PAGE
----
author = "Terzic, {Carmen M} and Gacy, {A. Marquis} and Ryan Bortolon and Dzeja, {Petras P} and Michel Puceat and Marisa Jaconi and Prendergast, {Franklyn G.} and Andre Terzic",
year = "2001",
month = "6",
day = "8",
doi = "10.1074/jbc.M101950200",
language = "English (US)",
volume = "276",
pages = "20566--20571",
journal = "Journal of Biological Chemistry",
issn = "0021-9258",
publisher = "American Society for Biochemistry and Molecular Biology Inc.",
number = "23",

}

TY - JOUR

T1 - Directed Inhibition of Nuclear Import in Cellular Hypertrophy

AU - Terzic, Carmen M

AU - Gacy, A. Marquis

AU - Bortolon, Ryan

AU - Dzeja, Petras P

AU - Puceat, Michel

AU - Jaconi, Marisa

AU - Prendergast, Franklyn G.

AU - Terzic, Andre

PY - 2001/6/8

Y1 - 2001/6/8

N2 - Each nuclear pore is responsible for both nuclear import and export with a finite capacity for bidirectional transport across the nuclear envelope. It remains poorly understood how the nuclear transport pathway responds to increased demands for nucleocytoplasmic communication. A case in point is cellular hypertrophy in which increased amounts of genetic material need to be transported from the nucleus to the cytosol. Here, we report an adaptive down-regulation of nuclear import supporting such an increased demand for nuclear export. The induction of cardiac cell hypertrophy by phenylephrine or angiotensin II inhibited the nuclear translocation of H1 histones. The removal of hypertrophic stimuli reversed the hypertrophic phenotype and restored nuclear import. Moreover, the inhibition of nuclear export by leptomycin B rescued import. Hypertrophic reprogramming increased the intracellular GTP/GDP ratio and promoted the nuclear redistribution of the GTP-binding transport factor Ran, favoring export over import. Further, in hypertrophy, the reduced creatine kinase and adenylate kinase activities limited energy delivery to the nuclear pore. The reduction of activities was associated with the closure of the cytoplasmic phase of the nuclear pore preventing import at the translocation step. Thus, to overcome the limited capacity for nucleocytoplasmic transport, cells requiring increased nuclear export regulate the nuclear transport pathway by undergoing a metabolic and structural restriction of nuclear import.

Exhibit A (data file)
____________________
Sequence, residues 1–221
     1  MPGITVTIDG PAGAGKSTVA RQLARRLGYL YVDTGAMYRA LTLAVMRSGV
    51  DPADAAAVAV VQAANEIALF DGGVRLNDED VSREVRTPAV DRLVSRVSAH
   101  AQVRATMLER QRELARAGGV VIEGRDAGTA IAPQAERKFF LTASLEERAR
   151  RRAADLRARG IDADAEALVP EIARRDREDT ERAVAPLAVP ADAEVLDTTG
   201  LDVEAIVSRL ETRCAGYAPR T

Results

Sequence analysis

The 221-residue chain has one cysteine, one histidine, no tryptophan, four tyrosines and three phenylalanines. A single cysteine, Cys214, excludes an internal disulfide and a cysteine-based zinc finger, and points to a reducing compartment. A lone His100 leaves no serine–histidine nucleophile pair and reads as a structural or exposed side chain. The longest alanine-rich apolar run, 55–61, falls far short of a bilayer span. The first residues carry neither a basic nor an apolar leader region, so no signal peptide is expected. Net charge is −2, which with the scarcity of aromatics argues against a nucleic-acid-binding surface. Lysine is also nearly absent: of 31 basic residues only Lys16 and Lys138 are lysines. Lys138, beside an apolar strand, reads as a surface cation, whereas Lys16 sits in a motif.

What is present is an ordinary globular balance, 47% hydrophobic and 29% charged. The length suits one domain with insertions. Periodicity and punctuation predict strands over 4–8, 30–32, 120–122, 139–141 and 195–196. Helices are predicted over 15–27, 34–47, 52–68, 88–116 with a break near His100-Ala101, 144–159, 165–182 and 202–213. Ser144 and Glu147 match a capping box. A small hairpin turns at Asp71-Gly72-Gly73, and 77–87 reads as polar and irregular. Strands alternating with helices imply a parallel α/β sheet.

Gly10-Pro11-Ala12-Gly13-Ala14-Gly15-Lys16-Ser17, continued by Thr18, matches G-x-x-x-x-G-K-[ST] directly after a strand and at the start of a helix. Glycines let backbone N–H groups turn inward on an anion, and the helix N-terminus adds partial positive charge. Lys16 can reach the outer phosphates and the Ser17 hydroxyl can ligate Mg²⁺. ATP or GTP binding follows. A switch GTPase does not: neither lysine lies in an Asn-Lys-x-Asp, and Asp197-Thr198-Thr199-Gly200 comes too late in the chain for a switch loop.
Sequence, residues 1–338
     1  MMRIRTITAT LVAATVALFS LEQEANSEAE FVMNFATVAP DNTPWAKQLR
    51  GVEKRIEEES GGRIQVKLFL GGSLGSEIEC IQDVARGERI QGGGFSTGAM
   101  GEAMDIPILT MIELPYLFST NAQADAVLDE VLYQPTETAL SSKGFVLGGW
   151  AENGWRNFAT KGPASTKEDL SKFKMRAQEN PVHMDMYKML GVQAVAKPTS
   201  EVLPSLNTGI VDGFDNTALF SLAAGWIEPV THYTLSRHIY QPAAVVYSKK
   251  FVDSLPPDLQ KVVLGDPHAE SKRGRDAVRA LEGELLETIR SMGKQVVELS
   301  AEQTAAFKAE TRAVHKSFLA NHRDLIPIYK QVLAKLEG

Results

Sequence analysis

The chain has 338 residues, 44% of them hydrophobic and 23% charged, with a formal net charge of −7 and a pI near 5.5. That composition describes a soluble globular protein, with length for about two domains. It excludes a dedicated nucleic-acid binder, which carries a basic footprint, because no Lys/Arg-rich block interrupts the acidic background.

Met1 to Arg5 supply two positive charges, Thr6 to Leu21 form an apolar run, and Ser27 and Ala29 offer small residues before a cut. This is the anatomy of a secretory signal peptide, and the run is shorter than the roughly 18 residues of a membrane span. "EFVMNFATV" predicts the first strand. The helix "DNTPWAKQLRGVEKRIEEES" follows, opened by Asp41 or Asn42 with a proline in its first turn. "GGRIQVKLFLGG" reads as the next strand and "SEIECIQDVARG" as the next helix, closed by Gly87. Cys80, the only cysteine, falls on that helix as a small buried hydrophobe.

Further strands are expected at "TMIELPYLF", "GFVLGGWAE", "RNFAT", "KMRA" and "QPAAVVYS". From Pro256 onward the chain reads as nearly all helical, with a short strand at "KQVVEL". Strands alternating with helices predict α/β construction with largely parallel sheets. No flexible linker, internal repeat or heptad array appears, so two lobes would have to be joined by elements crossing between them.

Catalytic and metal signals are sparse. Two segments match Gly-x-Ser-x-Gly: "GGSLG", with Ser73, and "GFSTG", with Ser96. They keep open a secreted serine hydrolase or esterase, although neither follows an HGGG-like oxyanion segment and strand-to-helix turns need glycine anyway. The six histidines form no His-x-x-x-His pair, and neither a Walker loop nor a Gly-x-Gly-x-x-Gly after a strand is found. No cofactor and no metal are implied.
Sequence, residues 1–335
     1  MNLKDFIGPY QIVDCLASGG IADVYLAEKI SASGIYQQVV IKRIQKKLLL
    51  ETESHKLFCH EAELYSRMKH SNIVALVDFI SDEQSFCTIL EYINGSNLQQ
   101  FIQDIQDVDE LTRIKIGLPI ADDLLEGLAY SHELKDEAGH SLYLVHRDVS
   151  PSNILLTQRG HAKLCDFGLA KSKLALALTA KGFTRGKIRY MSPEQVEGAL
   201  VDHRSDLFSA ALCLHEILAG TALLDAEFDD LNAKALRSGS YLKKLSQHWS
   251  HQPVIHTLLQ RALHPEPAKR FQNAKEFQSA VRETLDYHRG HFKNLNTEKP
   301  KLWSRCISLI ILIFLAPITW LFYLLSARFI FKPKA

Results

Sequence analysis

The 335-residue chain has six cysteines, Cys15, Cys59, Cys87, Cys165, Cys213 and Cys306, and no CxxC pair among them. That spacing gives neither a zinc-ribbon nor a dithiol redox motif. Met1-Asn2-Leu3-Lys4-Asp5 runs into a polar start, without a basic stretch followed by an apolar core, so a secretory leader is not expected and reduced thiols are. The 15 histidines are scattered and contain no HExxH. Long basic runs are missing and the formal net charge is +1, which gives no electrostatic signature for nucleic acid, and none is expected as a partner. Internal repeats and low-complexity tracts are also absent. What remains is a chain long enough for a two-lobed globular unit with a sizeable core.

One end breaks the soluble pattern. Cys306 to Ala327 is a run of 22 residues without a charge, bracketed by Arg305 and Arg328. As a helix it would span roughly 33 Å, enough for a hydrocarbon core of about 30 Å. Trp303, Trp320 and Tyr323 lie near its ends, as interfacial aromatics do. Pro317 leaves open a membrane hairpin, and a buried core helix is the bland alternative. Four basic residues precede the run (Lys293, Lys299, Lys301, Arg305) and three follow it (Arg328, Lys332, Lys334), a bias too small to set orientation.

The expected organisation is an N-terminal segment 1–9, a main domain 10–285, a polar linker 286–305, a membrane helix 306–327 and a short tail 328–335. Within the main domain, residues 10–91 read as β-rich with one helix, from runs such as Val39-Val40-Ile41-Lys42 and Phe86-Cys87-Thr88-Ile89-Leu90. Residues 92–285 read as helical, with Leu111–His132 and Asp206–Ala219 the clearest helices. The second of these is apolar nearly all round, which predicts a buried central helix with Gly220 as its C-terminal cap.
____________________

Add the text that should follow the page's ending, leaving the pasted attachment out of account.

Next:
AB - Each nuclear pore is responsible for both nuclear import and export with a finite capacity for bidirectional transport across the nuclear envelope. It remains poorly understood how the nuclear transport pathway responds to increased demands for nucleocytoplasmic communication. A case in point is cellular hypertrophy in which increased amounts of genetic material need to be transported from the nucleus to the cytosol. Here, we report an adaptive down-regulation of nuclear import supporting such an increased demand for nuclear export. The induction of cardiac cell hypertrophy by phenylephrine or angiotensin II inhibited the nuclear translocation of H1 histones. The removal of hypertrophic stimuli reversed the hypertrophic phenotype and restored nuclear import. Moreover, the inhibition of nuclear export by leptomycin B rescued import. Hypertrophic reprogramming increased the intracellular GTP/GDP ratio and promoted the nuclear redistribution of the GTP-binding transport factor Ran, favoring export over import. Further, in hypertrophy, the reduced creatine kinase and adenylate kinase activities limited energy delivery to the nuclear pore. The reduction of activities was associated with the closure of the cytoplasmic phase of the nuclear pore preventing import at the translocation step. Thus, to overcome the limited capacity for nucleocytoplasmic transport, cells requiring increased nuclear export regulate the nuclear transport pathway by undergoing a metabolic and structural restriction of nuclear import.

UR - http://www.scopus.com/inward/record.url?scp=0035827618&partnerID=8YFLogxK

UR - http://www.scopus.com/inward/citedby.url?scp=0035827618&partnerID=8YFLogxK

U2 - 10.1074/jbc.M101950200

DO - 10.1074/jbc.M101950200

M3 - Article

C2 - 11283025

AN - SCOPUS:0035827618

VL - 276

SP - 20566

EP - 20571

JO - Journal of Biological Chemistry

JF - Journal of Biological Chemistry

SN - 0021-9258

IS - 23

ER -